Forget saving the cheerleader and the world, NBC is saving "Heroes." The network announced Saturday that the sci-fi series about seemingly ordinary people with superpowers is coming back to life as a 13-part miniseries titled "Heroes Reborn" next year. Series creator and executive producer Tim Kring will be the man in charge once again.
“The enormous impact ‘Heroes’ had on the television landscape when it first launched in 2006 was eye-opening,” said Jennifer Salk, NBC Entertainment president, in a statement. “Shows with that kind of resonance don’t come around often and we thought it was time for another installment. We’re thrilled that visionary creator Tim Kring was as excited about jumping back into this show as we were and we look forward to all the new textures and layers Tim plans to add to his original concept."
There is no premiere date yet, but NBC will launch a digital series ahead of the show's debut to introduce viewers to the new characters and story lines. Though the network has not revealed who may be starring in the relaunch, it is giving fans some hope that a few familiar faces may be back.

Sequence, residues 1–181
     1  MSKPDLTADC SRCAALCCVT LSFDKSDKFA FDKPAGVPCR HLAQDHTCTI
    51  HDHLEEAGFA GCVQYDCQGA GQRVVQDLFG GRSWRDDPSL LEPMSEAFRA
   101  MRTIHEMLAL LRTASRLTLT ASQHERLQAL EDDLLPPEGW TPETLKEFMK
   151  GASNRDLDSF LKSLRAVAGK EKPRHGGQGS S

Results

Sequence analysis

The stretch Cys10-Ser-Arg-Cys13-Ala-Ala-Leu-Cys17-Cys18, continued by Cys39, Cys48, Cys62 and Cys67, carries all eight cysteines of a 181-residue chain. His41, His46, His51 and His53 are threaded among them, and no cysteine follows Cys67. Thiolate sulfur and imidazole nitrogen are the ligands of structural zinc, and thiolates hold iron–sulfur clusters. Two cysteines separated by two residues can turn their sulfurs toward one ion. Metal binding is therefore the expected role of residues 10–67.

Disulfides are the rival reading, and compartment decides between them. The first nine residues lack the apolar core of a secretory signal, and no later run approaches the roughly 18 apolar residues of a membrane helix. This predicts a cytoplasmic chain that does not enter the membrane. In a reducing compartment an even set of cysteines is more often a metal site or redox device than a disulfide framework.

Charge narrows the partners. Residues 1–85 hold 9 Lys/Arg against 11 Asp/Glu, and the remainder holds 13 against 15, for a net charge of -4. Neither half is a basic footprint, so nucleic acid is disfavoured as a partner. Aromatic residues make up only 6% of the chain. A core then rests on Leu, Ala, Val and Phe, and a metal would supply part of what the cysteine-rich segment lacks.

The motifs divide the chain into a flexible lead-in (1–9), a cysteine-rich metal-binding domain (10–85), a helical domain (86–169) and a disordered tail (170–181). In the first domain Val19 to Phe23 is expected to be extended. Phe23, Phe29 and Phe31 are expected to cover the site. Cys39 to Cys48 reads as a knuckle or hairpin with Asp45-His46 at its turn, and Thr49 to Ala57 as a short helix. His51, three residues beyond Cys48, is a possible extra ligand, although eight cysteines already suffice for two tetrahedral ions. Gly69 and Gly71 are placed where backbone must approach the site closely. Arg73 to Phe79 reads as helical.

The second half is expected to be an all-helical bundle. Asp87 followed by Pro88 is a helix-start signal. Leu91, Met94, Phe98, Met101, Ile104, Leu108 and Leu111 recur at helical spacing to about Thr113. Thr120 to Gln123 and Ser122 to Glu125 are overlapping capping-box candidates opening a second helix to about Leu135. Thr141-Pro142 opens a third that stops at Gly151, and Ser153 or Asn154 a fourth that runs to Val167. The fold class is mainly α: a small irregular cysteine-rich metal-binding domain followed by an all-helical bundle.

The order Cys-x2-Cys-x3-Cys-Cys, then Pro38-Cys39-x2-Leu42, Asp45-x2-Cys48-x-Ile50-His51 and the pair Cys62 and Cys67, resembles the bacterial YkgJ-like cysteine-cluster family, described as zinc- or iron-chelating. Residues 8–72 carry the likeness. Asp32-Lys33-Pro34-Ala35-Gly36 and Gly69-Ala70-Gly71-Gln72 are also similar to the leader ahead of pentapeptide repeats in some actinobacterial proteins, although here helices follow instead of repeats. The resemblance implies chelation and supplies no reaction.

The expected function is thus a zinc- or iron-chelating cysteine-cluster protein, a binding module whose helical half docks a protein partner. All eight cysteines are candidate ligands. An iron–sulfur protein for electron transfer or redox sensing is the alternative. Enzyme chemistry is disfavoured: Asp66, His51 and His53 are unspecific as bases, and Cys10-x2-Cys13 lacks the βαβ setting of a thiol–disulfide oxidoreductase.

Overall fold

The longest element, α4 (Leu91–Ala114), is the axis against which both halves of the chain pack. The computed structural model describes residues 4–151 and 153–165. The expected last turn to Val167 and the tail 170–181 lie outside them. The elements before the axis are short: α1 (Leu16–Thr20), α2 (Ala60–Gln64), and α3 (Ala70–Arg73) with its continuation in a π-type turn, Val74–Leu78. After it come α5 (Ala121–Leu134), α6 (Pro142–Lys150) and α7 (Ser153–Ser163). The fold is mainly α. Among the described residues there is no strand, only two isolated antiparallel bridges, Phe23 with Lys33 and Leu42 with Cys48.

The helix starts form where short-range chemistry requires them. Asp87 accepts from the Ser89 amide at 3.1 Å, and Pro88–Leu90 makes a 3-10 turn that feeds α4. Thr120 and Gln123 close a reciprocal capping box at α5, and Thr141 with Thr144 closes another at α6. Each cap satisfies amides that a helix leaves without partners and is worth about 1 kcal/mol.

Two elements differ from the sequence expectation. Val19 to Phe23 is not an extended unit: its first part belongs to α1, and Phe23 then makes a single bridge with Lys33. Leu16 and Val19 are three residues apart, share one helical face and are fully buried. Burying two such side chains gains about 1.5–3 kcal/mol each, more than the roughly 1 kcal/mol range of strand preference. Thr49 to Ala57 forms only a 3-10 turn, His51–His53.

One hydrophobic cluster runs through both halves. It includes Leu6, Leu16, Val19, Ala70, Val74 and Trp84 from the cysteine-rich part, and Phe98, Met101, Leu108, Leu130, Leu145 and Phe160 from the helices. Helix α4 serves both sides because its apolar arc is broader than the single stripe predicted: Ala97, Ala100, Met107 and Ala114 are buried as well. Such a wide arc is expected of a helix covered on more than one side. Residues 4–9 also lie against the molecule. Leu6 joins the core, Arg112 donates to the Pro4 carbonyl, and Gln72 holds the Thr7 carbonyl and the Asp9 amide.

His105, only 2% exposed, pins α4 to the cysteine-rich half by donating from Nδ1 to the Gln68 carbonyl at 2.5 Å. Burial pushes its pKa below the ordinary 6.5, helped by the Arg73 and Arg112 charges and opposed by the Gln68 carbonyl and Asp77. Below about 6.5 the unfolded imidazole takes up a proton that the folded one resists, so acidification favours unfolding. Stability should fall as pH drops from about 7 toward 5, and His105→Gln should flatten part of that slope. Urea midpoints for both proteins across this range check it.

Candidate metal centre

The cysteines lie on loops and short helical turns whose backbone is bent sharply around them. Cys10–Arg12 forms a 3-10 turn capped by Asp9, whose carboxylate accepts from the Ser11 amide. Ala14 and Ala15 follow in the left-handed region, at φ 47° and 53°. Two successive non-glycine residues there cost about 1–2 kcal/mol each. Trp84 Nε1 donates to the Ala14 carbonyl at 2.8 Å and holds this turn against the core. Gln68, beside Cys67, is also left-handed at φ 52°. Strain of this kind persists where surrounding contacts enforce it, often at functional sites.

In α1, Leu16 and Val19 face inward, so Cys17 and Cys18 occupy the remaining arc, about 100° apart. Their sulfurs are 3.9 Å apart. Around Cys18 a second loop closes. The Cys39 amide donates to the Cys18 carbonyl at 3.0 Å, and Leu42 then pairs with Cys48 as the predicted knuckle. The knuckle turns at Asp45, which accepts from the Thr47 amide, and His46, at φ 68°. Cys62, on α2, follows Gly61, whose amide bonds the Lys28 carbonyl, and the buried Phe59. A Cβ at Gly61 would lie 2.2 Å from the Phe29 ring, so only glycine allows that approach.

"Until we get closer to air in 2015, the show will be appropriately shrouded in secrecy, but we won’t rule out the possibility of some of the show’s original cast members popping back in," Salk teased.
The original show, which debuted to positive reviews and big ratings, starred Hayden Paniettiere as cheerleader Claire, Zachary Quinto as baddie Sylar, Milo Ventimiglia as hospice nurse Peter, Ali Larter as stripper Niki, Masi Oka as an office worker, and many others.
Oka, who saw the trailer air, sounds ready to brandish one of his character's most noted weapons.
Fans of the series, which ran for four seasons and ended in 2010, were excited by the news.
But some are curious if the reboot will be able to match the success of the show's freshman year. After a much lauded first season — which earned eight Emmy nods, including best drama and supporting actor for Oka — "Heroes" saw its ratings begin to drop in its sophomore year, with the numbers declining each season until the cancellation announcement finally came in 2010. Kring even admitted to Entertainment Weekly in 2007 that the show had made mistakes with its story lines in season two.